Big news out of Michigan
The Wolverine State will buy 135 miles of track currently owned by Norfolk Southern. This right of way was once owned by New York Central subsidiary Michigan Central, but trackage has deteriorated to the point where Amtrak trains go no faster than 60 mph and travel as slow as 25 mph on some stretches. The move will allow Amtrak to upgrade the entire Wolverine Corridor to 110 mph--Regional HSR.
Take: It is definitely a good start and is a direct contrast to what happened in New Mexico. Norfolk Southern has no interest in keeping the tracks, so someone who actually cares about rail service can restore the tracks to a state of good repair.
2011: A bad year for high speed rail (part 2)
After the trio of rejections of federal HSR funding, the most irksome topic to deal with is the constant NIMBYism going on. California is ground zero for this. In the Peninsula, wealthy residents have used excuse after excuse to oppose the trains. Meanwhile in the less affluent Central Valley, rural residents have also raised objections to where the train should go. Across the pond, residents between London and Birmingham have also jumped on the stop the fast train bandwagon as they want to curb HS2.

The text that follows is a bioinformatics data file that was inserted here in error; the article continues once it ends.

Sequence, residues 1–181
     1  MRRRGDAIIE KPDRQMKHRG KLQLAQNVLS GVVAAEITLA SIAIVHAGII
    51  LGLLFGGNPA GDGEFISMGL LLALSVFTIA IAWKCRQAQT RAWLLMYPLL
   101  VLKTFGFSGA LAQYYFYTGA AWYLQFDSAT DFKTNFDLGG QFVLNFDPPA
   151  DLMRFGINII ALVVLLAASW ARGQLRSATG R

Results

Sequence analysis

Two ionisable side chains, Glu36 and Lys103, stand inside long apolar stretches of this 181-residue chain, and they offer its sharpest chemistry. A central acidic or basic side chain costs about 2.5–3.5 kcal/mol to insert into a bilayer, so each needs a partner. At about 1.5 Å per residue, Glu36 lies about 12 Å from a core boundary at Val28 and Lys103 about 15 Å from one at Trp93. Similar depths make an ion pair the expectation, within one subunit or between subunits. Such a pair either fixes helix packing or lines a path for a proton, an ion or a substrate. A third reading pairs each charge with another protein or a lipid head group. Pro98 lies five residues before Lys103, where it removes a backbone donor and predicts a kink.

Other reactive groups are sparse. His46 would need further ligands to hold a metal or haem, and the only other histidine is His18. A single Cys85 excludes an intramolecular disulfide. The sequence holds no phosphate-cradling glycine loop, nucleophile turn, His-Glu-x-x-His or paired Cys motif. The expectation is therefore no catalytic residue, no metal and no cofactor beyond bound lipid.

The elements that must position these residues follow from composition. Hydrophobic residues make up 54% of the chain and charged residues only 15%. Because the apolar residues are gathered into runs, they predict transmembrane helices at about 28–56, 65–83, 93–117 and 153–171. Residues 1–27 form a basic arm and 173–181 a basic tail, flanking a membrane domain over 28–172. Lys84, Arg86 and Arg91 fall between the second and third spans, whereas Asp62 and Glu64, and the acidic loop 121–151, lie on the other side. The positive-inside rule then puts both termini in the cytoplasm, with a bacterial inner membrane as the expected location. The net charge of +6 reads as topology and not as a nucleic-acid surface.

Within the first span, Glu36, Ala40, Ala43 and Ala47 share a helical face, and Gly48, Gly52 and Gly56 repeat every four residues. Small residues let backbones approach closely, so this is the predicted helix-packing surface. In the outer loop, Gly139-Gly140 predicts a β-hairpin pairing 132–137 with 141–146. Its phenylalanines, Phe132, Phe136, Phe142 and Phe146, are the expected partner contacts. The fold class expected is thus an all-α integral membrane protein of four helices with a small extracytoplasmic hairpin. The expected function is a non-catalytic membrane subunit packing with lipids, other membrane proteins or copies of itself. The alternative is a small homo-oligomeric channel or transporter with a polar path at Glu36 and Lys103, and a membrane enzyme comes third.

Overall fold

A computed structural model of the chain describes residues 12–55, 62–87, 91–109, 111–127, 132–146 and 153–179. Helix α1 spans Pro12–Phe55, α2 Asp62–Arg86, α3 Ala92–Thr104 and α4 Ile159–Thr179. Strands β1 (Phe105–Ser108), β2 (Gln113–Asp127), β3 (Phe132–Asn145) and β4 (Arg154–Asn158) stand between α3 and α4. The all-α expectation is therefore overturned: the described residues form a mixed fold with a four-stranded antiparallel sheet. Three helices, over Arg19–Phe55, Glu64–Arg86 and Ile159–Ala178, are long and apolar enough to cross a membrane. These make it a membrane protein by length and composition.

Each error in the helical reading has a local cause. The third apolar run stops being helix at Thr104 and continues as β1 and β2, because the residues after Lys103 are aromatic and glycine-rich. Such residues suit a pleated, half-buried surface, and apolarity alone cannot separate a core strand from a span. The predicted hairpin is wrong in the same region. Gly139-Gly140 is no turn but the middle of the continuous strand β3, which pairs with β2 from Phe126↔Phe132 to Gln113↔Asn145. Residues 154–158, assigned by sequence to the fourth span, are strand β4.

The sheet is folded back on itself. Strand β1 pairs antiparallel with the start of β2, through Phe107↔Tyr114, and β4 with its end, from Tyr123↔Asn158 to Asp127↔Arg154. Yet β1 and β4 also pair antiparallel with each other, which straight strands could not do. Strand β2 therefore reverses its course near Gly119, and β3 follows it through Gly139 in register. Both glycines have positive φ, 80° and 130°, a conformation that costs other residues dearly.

Take: If the Peninsula residents had paid attention during the 2008 referendum, they would know that it is totally illegal for the HSR route to be truncated in San Jose. As for the Central Valley, they should realize that the route has to go somewhere, and all HSR critics must remember that the first stretch of the Interstate Highway System was opened in the "middle of nowhere."
Since I 'm not all that familiar about the UK's efforts on HSR, I'll just say that the negative attitude towards fast trains is not restricted to this country but, it should also be noted that neither is the counter-backlash. Take, London Mayor Boris Johnson for instance. After coming out opposing HS2, the mayor was heavily lambasted for his views.